Plans for the UK’s biggest urban farm and eco-park in Oldham which bosses hope will attract 100,000 visitors a year have been lodged. The first major phase of the Northern Roots project, which focuses on the top half of the 160-acre site in Snipe Clough, has been submitted for planning approval.
It will include a visitor centre, with spaces for events and meetings and a café and shop, as well as a learning centre, forestry depot and solar panels. The plans also include a natural swimming pond, a community growing allotment, and a natural amphitheatre and performance space.
Documents say the developments could cater to events such as outdoor performances, weddings, festivals and workshops. The whole site runs from the Grade Two listed Alexandra Park, past Park Bridge and down to Daisy Nook country park.
Two existing football pitches on the site are due to be retained and upgraded, while two are planned to be relocated onto a new plot in the north east. A car park will be created on Nether Hey Street, and there are a number of cycling and walking route improvements proposed. However no new roads are being planned.
The scheme is being partly funded by Oldham council’s successful £24.4 million Towns Fund bid. It has also received £1m from the Esmée Fairbairn Foundation to create a new charity. And Northern Roots has been given nearly £600k from the Community Renewal Fund to deliver a six month pilot project helping young people in the borough into employment.
Councillor Abdul Jabbar, chair of the Northern Roots board of trustees, said: “Submitting the planning application for Northern Roots is a pivotal milestone in the development of the project. Northern Roots will provide an exceptional community resource for Oldham, offering a wide array of opportunities and benefits to residents.”
It is estimated that Northern Roots could attract 100,000 visitors a year by 2026. There have been a number of changes to the plans since the first round of consultation, which saw many of the proposed buildings moved into the northern end of the land. This leaves the southern end of the site to remain largely undeveloped and natural.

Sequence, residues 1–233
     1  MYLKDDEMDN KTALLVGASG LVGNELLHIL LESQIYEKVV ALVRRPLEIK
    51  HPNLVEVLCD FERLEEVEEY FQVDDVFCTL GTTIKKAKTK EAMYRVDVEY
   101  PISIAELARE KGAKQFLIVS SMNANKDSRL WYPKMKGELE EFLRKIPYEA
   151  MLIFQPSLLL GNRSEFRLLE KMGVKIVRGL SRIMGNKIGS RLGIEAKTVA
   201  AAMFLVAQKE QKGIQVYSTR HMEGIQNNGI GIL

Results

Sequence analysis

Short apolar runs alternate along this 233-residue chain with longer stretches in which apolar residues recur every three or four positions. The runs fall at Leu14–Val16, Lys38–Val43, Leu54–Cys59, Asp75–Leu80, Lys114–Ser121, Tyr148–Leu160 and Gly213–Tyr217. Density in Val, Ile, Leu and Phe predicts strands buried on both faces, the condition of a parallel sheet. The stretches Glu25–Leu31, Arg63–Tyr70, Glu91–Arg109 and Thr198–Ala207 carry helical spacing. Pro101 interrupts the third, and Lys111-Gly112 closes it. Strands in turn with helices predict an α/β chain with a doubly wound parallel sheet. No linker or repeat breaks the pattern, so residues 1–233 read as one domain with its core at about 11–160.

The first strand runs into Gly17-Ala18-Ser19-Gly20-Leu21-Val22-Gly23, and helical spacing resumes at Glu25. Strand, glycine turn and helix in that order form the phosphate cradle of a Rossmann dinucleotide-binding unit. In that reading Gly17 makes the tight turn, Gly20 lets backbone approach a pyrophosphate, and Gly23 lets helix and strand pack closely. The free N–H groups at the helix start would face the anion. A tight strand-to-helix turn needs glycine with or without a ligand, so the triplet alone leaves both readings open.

There has already been a separate application lodged to create a bike hub and trails facility on land to the east of the site. The visitor centre has been designed to blend with the natural environment and ‘nestles’ into the woodland edge at the northern end of the site.
Alison Thornton-Sykes from designers JDDK Architects, said it was inspired by the transformation of a caterpillar to a butterfly passing through the cocoon stage.
“That transformation journey remains symbolic of the wider transformation of the Northern Roots site, from its industrial past to a green masterplan, with the butterfly roof rising from an elliptical shaped building surrounding a welcoming courtyard.” she said.
"The learning centre buildings are designed to be reminiscent of treehouse structures on stilts to have a ‘light connection to the ground’.
The design and access statement submitted with the plans states that the vision for Northern Roots is to deliver ‘sustainable economic, social and environmental benefits’.
It aims to create a ‘unique new community asset and visitor destination’, while creating jobs, training and business opportunities, improving the health of local communities and protecting and enhancing the natural environment. There have been eight objections and one letter of support since the plans were submitted.